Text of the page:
Preferably the valve 15 is to be manufactured in the shape of a simply operable inching switch for this purpose.

The retracted setting of the rear wheel 27 and/or the extended setting of the front wheel 11 is particularly well suited to downhill riding, and the extended setting of the rear wheel 27 and/or the retracted setting of the front wheel 11 is suited to uphill riding.

FIG. 9 shows a perspective representation of the steering head bearing system 5 of a bicycle from the right front. The steering head bearing system 5 may for instance be located at the common end of a longitudinal rod (not shown here), reaching backwards from the steering head bearing system 5 in a horizontal direction to the saddle of the bicycle, and a diagonal rod (not shown here) reaching out from the steering head bearing system 5 downward and back in the direction of the bicycle's pedal shaft bearing.

As shown in FIG. 9, two fork legs 9 a, 9 b, one front fork and a steering assembly 7 are attached to the steering head bearing system 5 of the bicycle. Each fork leg may for instance consist of a pneumatic height-adjustable piston-cylinder assembly, at the bottom end of which the front wheel of the bicycle is suspended.

The piston-cylinder assembly may for instance have a pneumatic cylinder fitted at the lower end, mounted at its bottom end by means of a threaded connection to the guide tube 37 a surrounding the pneumatic cylinder. The piston-cylinder assembly may also have a piston rod at the top, attached at its top end to a tube 37 b surrounding the piston rod. The piston rod has a piston at its bottom end, which is a sliding fit in the pneumatic cylinder. The piston rod and the tube 37 b are adjustable upwards or downwards in relation to the guide tube 37 a and the pneumatic cylinder, in the direction of the arrow A.

At its top end the tube 37 b is attached to the steering head bearing system 5 by means of the upper and lower fork yoke elements 10 a, 10 b. The bottom fork yoke element 10 b has two tubular clamps 11 a, 11 b, through which the corresponding tube 37 b of each respective fork leg 9 a, 9 b runs.

As shown in FIG. 10, each clamp 11 a, 11 b has been fitted with a threaded bolt reaching right across and through the slot machined into each of the clamps 11 a, 11 b. This allows each clamp 11 a, 11 b to be compressed (i.e. having its diameter reduced), so that the corresponding tube 37 b of each of the fork legs 9 a, 9 b is firmly held by each corresponding clamp 11 a, 11 b as shown in FIG. 9, as a result of which the respective fork leg 9 a, 9 b cannot be displaced upwards or downwards in relation to the fork yoke element 10 b in the direction of the arrow A any longer.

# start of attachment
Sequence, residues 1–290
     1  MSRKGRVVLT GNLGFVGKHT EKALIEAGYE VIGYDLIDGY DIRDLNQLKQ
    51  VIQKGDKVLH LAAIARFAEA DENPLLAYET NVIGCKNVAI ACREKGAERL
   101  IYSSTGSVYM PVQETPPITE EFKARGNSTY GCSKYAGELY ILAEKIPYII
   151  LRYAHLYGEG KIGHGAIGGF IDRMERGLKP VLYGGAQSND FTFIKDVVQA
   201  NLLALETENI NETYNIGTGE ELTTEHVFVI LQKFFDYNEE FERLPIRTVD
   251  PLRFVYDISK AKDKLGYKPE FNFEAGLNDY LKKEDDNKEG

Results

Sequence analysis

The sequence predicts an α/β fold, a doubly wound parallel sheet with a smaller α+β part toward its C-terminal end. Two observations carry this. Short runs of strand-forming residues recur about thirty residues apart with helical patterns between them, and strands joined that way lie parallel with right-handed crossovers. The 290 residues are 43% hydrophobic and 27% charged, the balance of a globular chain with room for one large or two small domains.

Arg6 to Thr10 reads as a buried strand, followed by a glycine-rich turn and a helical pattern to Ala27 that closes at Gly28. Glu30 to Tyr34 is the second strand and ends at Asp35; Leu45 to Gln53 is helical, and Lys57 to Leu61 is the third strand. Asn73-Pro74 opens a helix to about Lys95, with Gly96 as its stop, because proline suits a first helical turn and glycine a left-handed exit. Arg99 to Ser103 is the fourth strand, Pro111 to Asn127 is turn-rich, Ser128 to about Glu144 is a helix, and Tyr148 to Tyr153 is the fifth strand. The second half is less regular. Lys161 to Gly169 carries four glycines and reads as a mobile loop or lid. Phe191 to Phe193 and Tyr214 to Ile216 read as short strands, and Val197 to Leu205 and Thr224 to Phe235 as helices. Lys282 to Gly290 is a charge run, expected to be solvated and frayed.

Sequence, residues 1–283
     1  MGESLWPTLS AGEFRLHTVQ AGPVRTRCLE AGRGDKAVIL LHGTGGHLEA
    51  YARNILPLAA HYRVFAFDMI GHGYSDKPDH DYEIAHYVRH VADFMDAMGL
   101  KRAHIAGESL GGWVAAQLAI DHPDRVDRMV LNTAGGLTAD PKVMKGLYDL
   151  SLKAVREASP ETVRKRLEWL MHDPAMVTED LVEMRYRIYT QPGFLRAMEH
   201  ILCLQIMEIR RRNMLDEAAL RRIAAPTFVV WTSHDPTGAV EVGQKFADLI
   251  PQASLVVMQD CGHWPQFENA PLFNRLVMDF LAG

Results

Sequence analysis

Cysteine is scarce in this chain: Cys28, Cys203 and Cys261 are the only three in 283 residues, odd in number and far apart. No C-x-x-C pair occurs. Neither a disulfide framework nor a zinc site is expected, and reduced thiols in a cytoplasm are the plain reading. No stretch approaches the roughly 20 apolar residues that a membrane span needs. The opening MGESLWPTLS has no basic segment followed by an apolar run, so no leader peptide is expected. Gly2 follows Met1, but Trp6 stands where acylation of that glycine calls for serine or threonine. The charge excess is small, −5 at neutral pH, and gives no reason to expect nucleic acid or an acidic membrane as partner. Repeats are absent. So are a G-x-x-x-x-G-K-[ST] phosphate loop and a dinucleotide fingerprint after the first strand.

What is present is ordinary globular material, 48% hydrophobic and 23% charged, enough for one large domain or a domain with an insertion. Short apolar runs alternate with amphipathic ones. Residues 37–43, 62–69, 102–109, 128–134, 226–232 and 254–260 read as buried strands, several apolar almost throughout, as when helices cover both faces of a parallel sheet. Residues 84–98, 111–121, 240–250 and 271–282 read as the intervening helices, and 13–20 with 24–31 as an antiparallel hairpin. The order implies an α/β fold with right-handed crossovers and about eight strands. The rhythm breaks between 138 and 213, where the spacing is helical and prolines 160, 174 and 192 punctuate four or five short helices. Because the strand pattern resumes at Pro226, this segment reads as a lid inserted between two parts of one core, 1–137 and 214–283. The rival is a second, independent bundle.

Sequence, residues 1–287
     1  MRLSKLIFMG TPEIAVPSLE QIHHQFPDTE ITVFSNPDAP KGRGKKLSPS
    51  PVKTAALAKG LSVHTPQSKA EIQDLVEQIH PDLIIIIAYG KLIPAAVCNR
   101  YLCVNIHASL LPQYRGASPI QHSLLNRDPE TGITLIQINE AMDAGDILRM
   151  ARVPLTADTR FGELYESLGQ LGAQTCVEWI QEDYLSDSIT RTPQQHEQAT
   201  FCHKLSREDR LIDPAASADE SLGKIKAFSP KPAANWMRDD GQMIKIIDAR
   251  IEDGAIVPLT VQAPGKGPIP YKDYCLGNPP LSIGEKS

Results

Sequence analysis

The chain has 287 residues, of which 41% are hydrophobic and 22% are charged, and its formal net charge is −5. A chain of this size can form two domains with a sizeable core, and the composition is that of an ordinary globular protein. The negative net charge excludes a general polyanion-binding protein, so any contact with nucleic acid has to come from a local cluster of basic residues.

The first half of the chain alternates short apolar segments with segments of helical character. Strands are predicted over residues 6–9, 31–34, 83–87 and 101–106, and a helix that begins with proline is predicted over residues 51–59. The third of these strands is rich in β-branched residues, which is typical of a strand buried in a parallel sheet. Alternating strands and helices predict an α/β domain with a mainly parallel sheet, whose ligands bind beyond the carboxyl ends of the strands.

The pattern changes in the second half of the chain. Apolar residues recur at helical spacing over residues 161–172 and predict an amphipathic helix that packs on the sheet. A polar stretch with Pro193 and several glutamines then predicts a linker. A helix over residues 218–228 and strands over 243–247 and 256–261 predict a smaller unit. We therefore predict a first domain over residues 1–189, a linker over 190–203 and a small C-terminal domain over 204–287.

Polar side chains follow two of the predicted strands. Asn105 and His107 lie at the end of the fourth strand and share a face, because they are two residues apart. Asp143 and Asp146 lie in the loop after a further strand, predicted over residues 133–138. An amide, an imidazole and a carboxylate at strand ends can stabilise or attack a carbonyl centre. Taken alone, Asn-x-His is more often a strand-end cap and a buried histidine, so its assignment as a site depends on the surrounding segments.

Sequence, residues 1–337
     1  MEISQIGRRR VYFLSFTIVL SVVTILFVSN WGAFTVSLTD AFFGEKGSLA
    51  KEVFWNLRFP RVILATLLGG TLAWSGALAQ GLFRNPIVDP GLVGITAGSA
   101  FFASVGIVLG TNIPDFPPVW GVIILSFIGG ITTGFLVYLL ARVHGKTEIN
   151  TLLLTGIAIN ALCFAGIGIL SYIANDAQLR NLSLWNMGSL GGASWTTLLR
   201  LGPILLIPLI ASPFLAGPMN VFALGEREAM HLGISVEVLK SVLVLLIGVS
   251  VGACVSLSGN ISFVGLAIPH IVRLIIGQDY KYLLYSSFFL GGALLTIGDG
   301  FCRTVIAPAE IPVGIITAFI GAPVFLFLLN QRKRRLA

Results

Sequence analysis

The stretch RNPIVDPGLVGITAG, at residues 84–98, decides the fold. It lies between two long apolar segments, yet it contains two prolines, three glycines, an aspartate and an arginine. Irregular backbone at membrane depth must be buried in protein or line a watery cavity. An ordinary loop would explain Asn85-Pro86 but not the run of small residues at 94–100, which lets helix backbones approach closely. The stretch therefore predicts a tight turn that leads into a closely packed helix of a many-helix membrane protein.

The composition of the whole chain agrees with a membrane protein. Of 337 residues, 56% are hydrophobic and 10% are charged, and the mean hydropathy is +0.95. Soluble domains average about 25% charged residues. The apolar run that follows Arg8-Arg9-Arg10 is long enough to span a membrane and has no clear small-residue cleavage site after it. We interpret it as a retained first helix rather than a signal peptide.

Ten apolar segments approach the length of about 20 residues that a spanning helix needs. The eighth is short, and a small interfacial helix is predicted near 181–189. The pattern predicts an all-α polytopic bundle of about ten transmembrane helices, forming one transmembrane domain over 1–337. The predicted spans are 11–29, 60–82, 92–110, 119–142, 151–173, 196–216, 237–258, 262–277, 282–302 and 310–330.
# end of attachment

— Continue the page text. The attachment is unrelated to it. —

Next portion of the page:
As is further apparent from FIGS. 9 and 10, each fork yoke element 10 a, 10 b has two drilled holes 12 a, 12 b, 12 c, 12 d with an essentially circular diameter, running through each fork from top to bottom to the lower yoke element 10 a, 10 b. One each of the above clamps 11 a, 11 b has been incorporated in the drilled holes 12 a, 12 b of the bottom fork yoke element 10 b and the corresponding tube 37 b of each of the fork legs 9 a, 9 b directly into the drilled holes 12 c, 12 d of the upper fork yoke element 10 b.

According to FIG. 10 a slot runs back from each drilled hole 12 a, 12 b, 12 c, 12 d—right through each corresponding fork yoke, from the top to the bottom of each fork yoke element 10 a, 10 b—up to the respective back right and/or back left side wall of the corresponding fork yoke elements 10 a, 10 b. When the slot is compressed—e.g. by means of a screw that is screwed into a threaded hole 13 a, 13 b running out from the fork yoke element side wall (with the threaded hole 13 a, 13 b approximately perpendicular to the slot and bisecting it)—the diameter of each drilled d hole 12 a, 12 b, 12 c, 12 d is reduced.

Thereby the corresponding clamps 11 a, 11 b—at the bottom fork yoke element 10 b—are compressed (and consequently, as seen in FIG. 9, the lower fork yoke element 10 b is locked onto the corresponding tube 37 b of the respective fork leg 9 a, 9 b, as described above), and/or the corresponding inside wall of the drilled hole 12 c, 12 d directly forced against the tube 37 b at the upper fork yoke element 10 b—there being no separate clamps provided—thereby securing the corresponding tube 37 b at the top fork yoke element 10 a.

Alternatively the clamps corresponding to the clamps 11 a, 11 b may be provided at the upper fork yoke element 10 a—as they may be provided at the bottom fork yoke element 10 b—or clamps corresponding to the clamps 11 a, 11 b may for instance be provided only at the upper fork yoke element 10 a, but not at the bottom fork yoke element 10 b, or the use of clamps at the bottom as well as at the top fork yoke elements 10 a, 10 b may be dispensed with altogether.

According to FIG. 10, a steering tube 14 reaches up between the top and bottom fork yoke elements 10 a, 10 b in a vertical direction. As shown in FIG. 11 a, a second tube 15, which has a protruding flange 15 a, is mounted inside the steering tube 14. The second tube 15 is inserted from the bottom into another drilled hole 12 e that runs from bottom to top through the lower fork yoke element 10 b, and fitted into the drilled hole 12 e, whereby the flange 15 a seats into a correspondingly stepped circular recess in the bottom fork yoke element 10 b at the second tube 15.

A first ball bearing 16 a, which adjoins a first bearing shell 17 a upwards, diagonally upwards and outwards, and diagonally downwards and inwards, adjoins an annular, tapered flange protruding upwards from the lower fork yoke element 10 b (at a tapered bottom ball bearing section) and is fitted around the second tube 15. The first ball bearing 16 a and the first bearing shell 17 a (and these adjoining parts) are correspondingly constructed and fitted as a reversed mirror image of a second ball bearing 16 b and a second bearing shell 17 b, of which the construction and incorporation have been illustrated more closely with reference to FIG. 11 b.